National tests for 14-year-olds 'disastrous'

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The Independent Online
FOURTEEN-YEAR-OLDS will be asked to match quotations to pictures of scenes from Shakespeare in national tests in English to be taken this June. Then they will be asked to put the pictures in the order they appear in the play and to explain the importance of the quotations.

English teachers said the sample questions, released yesterday by the Government's advisers on exams, were 'disastrous' and unfair to children. They also attacked sample questions on the English anthology, which includes extracts from books and poems, as too 'bitty' to allow children to show what they can do.

In questions on an extract called 'Village School' from Laurie Lee's Cider with Rosie, children of average ability are asked to write out the words which suggest that the children in the piece did not learn very much (one mark) and to give their impressions of the 16- year-old teacher (two marks). For seven marks they are asked to use an extract from David Copperfield to say what David thinks of his father-to-be, Mr Murdstone.

Pupils will also do an unseen reading comprehension. Ten short questions are set on the sample passage which is by Christy Brown, the disabled writer. Pupils are asked, for example, to write out two images to describe how lonely he felt.

In another paper to test writing, spelling and handwriting, candidates have to write a letter to a wheelchair users' association suggesting how their school could be made more open to people in wheelchairs.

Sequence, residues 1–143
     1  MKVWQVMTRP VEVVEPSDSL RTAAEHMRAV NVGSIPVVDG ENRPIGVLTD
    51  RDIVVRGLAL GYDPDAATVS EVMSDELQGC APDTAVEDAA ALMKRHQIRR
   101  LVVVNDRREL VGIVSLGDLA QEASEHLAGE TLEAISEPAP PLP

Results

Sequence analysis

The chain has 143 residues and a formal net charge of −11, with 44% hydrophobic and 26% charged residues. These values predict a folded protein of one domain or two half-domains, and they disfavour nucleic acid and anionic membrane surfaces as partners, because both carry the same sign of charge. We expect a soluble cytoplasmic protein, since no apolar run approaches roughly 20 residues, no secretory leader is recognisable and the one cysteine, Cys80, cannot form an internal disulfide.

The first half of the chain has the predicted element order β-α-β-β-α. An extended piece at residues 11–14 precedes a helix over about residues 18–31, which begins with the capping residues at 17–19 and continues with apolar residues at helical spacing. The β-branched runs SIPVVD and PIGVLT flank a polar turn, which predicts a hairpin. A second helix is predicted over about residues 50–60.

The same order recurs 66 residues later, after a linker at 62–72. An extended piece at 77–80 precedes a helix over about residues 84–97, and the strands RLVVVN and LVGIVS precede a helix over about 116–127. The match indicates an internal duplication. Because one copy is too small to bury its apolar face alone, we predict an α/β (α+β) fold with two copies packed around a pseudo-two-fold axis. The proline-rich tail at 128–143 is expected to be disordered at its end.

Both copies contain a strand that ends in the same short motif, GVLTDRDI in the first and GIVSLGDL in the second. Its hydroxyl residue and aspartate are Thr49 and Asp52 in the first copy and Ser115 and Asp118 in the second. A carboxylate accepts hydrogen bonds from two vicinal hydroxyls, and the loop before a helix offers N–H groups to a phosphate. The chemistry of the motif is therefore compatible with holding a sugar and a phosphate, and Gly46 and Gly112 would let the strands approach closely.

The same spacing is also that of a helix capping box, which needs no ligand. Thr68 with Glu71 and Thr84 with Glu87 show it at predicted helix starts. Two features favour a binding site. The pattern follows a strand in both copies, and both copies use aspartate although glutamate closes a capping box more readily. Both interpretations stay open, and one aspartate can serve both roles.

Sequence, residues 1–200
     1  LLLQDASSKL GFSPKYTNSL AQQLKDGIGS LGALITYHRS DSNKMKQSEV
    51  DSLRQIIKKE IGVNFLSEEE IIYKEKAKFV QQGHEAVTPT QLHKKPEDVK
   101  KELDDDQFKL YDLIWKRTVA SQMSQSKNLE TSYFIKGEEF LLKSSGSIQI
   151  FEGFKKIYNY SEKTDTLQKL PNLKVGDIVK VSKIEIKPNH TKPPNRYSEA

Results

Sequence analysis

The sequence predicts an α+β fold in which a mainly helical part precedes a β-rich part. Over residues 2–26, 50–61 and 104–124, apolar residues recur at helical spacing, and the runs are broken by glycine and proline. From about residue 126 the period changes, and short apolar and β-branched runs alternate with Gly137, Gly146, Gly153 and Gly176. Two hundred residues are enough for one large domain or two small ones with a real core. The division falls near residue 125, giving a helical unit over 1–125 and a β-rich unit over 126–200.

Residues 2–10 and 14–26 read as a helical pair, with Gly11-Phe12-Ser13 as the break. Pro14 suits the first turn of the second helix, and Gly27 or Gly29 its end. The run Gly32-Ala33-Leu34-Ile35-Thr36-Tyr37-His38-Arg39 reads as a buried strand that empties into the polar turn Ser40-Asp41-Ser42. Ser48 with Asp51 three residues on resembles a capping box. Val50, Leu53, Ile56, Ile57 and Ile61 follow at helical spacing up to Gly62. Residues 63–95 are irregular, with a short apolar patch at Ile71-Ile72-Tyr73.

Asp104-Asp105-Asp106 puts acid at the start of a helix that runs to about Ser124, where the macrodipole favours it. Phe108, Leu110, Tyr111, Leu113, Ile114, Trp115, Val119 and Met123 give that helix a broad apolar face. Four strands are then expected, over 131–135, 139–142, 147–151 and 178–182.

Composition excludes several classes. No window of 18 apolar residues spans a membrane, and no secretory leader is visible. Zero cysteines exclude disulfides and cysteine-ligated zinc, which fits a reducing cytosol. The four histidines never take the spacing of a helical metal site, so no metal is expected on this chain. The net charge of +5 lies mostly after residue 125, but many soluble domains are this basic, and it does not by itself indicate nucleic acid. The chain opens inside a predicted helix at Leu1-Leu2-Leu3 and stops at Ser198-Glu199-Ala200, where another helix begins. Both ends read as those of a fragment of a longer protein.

Lord Griffiths of Fforestfach, chairman of the School Examinations and Assessment Council, told a conference in Birmingham yesterday: 'The tests have been developed so that they are reliable, assess what they set out to assess and are manageable for those who have to administer them.'

Anne Barnes of the National Association for the Teaching of English said the tests would encourage neither interesting thoughts nor coherent views.

'It is the Mastermind mentality of the sort which has developed in the popular media: the idea that to score in a quiz is something intelligent.'

She said children might legitimately make mistakes in the Shakespeare questions because they had misunderstood the pictures, 'a skill which has nothing to do with reading comprehension'.

For the unseen comprehension, Lord Griffiths said pupils would be required to make deductions and understand the writer's intention.

In Shakespeare they would be assessed on their understanding of the play as drama; they need not memorise long passages.

Some teachers and governors are considering a boycott of the tests, which have been developed by the University of Cambridge's Local Examinations Syndicate. Teachers say they have not had enough time to prepare and that the tests will not give a fair picture of pupils' abilities.

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